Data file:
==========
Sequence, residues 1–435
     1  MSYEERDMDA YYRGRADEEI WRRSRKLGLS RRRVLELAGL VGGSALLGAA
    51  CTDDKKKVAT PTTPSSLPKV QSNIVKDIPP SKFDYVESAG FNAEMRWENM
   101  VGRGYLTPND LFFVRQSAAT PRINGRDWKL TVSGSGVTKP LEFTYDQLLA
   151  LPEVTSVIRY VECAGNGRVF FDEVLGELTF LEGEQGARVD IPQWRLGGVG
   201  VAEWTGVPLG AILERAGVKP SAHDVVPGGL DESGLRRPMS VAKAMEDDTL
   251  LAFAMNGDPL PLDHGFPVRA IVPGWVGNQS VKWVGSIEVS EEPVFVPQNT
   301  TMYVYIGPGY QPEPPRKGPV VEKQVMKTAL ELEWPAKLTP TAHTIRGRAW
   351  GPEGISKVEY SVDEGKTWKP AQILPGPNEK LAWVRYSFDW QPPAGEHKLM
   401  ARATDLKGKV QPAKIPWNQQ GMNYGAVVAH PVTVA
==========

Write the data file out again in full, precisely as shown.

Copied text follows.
Sequence, residues 1–435
     1  MSYEERDMDA YYRGRADEEI WRRSRKLGLS RRRVLELAGL VGGSALLGAA
    51  CTDDKKKVAT PTTPSSLPKV QSNIVKDIPP SKFDYVESAG FNAEMRWENM
   101  VGRGYLTPND LFFVRQSAAT PRINGRDWKL TVSGSGVTKP LEFTYDQLLA
   151  LPEVTSVIRY VECAGNGRVF FDEVLGELTF LEGEQGARVD IPQWRLGGVG
   201  VAEWTGVPLG AILERAGVKP SAHDVVPGGL DESGLRRPMS VAKAMEDDTL
   251  LAFAMNGDPL PLDHGFPVRA IVPGWVGNQS VKWVGSIEVS EEPVFVPQNT
   301  TMYVYIGPGY QPEPPRKGPV VEKQVMKTAL ELEWPAKLTP TAHTIRGRAW
   351  GPEGISKVEY SVDEGKTWKP AQILPGPNEK LAWVRYSFDW QPPAGEHKLM
   401  ARATDLKGKV QPAKIPWNQQ GMNYGAVVAH PVTVA